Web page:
Get the latest from TODAY
Betty Squire is trying to understand how her baby could go in for minor dental work and be dead hours later.
“I just want answers to what happened to my child,” the 26-year-old Texas mother told TODAY. “You never expect to go to the dentist and your child passes away.”
It’s not clear what exactly went wrong the morning of Tuesday, March 26. What is known is that 14-month-old Daisy Lynn Torres died after a "fairly common procedure," according to a spokesperson for the Austin dental office. At some point during the procedure, the dental office called EMS to rush the child to the North Austin Medical Center, where she died about five hours later.
“I don’t know the details of this specific situation,” Sarah Marshall, a spokeswoman for Austin Children’s Dentistry told NBC affiliate KXAN. “The staff here is waiting to hear additional details of what exactly the medical examiner’s office releases.”
Marshall confirmed that a dentist and an anesthesiologist were in the room with Daisy. The Texas State Board of Dental Examiners is investigating the death.
Squire said she took Daisy for her first check up when the little girl was 6 months. Two weeks ago, Squire said, dentists told her she would need to bring her daughter back to get two cavities filled. “They told me that they were going to put her under and the procedure was going to take 40 to 45 minutes and I should go to the waiting room,” Squire said.
Shortly after, the dentist came out and said more extensive work needed to be done, Squires said.
“I trusted the dentist,” she added. “I said go ahead and take care of it. Then 10 minutes after that, he came over and said please come into this room and then he told me, ‘Something went wrong and she started having trouble breathing and went into cardiac arrest. We did CPR and she’s fine now. We called EMS to monitor her because that’s standard.’”
Squire got scared. “I got really sick to my stomach,” she said. “In my heart, I knew she was already gone.” As Daisy was wheeled out to the ambulance, “I kissed her and laid my head on her,” Squire said. “They rushed her to the hospital and she died there."
“I put my child’s life in their hands and I am not able to bring her home with me.”
While Daisy's parents seek answers to what happened to her, the American Academy of Pediatric Dentistry issued a statement in response to the tragedy: "Our deepest wishes are with the family during this very difficult time."
The AAPD recommends dental decay be treated in young children. Its guidelines OK the use of general anesthesia in patients that might be too young to hold still for procedures.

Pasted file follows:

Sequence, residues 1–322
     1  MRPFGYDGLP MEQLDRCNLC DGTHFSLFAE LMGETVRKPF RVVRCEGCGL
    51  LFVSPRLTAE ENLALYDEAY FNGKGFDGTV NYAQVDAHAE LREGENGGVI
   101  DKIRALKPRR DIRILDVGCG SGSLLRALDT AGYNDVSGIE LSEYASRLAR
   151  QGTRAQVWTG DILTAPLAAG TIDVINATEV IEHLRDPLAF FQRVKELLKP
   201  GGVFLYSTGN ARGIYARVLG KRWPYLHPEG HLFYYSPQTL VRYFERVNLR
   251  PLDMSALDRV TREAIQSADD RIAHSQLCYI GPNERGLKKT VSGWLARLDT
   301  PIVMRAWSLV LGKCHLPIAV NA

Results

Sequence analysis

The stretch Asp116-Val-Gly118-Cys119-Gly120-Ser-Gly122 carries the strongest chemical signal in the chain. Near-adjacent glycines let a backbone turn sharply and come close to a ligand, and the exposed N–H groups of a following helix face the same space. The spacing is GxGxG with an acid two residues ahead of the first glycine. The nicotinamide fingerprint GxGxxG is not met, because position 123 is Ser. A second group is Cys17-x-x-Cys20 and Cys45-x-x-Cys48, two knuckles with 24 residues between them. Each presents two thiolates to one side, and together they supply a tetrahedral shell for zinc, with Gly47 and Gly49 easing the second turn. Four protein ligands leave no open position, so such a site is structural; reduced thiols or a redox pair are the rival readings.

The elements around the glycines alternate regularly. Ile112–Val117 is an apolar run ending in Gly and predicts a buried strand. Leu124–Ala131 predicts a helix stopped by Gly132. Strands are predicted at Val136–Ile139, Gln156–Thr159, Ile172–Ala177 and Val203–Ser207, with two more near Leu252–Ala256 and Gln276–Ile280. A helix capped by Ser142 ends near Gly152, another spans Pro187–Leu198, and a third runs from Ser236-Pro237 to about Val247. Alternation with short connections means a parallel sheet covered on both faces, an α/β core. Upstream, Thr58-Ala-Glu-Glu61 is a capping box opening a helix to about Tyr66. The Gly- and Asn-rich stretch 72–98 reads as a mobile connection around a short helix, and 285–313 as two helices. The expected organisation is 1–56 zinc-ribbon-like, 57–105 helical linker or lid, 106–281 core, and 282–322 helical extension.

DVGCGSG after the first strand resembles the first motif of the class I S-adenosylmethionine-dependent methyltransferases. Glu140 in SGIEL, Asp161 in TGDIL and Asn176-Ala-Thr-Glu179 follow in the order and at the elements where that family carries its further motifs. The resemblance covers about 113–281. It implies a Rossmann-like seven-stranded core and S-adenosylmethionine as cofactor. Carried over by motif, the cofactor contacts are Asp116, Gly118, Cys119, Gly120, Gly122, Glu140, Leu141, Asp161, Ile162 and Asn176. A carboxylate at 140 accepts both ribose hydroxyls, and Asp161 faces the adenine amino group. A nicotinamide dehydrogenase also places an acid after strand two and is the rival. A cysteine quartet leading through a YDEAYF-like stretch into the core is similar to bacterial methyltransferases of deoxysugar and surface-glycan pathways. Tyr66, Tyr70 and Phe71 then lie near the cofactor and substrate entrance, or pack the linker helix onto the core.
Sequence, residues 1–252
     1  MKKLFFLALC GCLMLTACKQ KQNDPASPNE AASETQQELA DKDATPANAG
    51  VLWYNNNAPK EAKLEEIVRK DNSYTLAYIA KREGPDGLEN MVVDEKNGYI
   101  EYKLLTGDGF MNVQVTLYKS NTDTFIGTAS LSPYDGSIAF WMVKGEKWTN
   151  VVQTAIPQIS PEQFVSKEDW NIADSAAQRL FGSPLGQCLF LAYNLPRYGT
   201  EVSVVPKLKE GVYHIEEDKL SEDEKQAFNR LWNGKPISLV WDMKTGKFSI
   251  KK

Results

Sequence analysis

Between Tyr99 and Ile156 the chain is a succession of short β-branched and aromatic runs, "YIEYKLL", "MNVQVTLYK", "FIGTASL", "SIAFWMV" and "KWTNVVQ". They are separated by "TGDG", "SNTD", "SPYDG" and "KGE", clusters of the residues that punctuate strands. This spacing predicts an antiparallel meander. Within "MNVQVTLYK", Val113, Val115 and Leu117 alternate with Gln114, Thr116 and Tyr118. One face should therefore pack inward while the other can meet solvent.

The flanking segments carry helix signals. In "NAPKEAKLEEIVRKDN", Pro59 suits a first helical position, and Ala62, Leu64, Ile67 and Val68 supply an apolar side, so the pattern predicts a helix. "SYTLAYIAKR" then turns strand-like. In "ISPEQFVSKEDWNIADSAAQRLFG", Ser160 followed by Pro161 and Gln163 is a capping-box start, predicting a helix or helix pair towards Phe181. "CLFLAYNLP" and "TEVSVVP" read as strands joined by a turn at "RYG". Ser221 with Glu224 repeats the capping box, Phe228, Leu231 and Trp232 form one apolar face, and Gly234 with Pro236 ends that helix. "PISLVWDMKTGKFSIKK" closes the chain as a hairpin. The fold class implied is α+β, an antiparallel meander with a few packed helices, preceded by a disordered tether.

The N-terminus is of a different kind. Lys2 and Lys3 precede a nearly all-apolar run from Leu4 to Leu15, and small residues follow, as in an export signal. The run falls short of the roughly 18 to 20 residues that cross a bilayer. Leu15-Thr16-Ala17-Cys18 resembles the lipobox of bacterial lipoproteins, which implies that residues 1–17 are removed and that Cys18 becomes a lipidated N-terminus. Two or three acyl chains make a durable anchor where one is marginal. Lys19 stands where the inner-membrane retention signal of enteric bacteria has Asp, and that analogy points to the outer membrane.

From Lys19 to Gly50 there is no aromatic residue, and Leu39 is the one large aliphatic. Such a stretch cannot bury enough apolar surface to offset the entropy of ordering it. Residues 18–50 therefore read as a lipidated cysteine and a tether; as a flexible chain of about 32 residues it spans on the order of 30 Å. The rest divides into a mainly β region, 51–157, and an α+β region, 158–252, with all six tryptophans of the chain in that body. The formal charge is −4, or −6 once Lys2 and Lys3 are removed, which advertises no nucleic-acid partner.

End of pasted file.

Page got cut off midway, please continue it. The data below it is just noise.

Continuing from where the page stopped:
“Children at a very young age, if they do require a lot of work, you can only imagine they are not going to lay down on the chair,” Dr. Robert Delarosa, president of the AAPD and a dentist in private practice in Baton Rouge told TODAY. “Dentistry is not the most innocuous stimulus and a very, very young child has to be made as comfortable as possible. So it’s not uncommon for children to undergo anesthesia.”
Delarosa recognizes the risks.
“Any time a patient undergoes anesthesia there are risks,” he said. “But there is also a risk with untreated dental disease. That has to be part of it, too.”
Currently, there are no publicly available statistics on how many injuries or deaths result from dental procedures in children, said Dr. Joel Weaver, a dentist anesthesiologist and emeritus professor of the Ohio State University Medical Center.
“Most states require that there be a reporting of any dental office death to the dental boards, but they generally don’t share that information,” said Weaver.
When there are malpractice suits, settlements often include a gag order that prohibits plaintiffs from talking about it, he said.
For young children who need dental procedures, there are two options.
“Dentistry is a precise science that uses a high speed drill,” Weaver said. “That requires that someone hold still or some tooth structure that’s not decayed could get drilled. When there is multiple and massive decay, the child requires some form of conscious sedation or some form of general anesthesia.”
The other option is a Papoose board, with a strap around the head which helps immobilize the child.
"Some believe this causes psychological trauma," said Weaver. "When you take all the advantages of high-quality dentistry on a very still patient and not having the psychological disadvantages of being held down for the procedure, the risks [of anesthesia] are far outweighed by the benefits.”
Ultimately, the death of Daisy Torres, “was a tragic circumstance, and one that simply reinforces that there are inherent risks in any sedation and general anesthesia procedure,” said Dr. David Nash, a professor in the department of pediatric dentistry at the University of Kentucky College of Dentistry.
In general, when it comes to treating kids, Nash said, “the pediatric dentist, the anesthesiologist, and the child's family would have to arrive at a fully informed decision as to whether the nature of the child's problem justified treating under general anesthesia in an office setting, given the inherent risks which always exist...particularly with a child so young.”